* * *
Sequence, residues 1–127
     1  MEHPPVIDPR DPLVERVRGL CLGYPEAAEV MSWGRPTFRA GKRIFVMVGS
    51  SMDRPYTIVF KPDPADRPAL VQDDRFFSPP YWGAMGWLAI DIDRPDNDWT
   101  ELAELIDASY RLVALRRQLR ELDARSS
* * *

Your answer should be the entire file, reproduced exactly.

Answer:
Sequence, residues 1–127
     1  MEHPPVIDPR DPLVERVRGL CLGYPEAAEV MSWGRPTFRA GKRIFVMVGS
    51  SMDRPYTIVF KPDPADRPAL VQDDRFFSPP YWGAMGWLAI DIDRPDNDWT
   101  ELAELIDASY RLVALRRQLR ELDARSS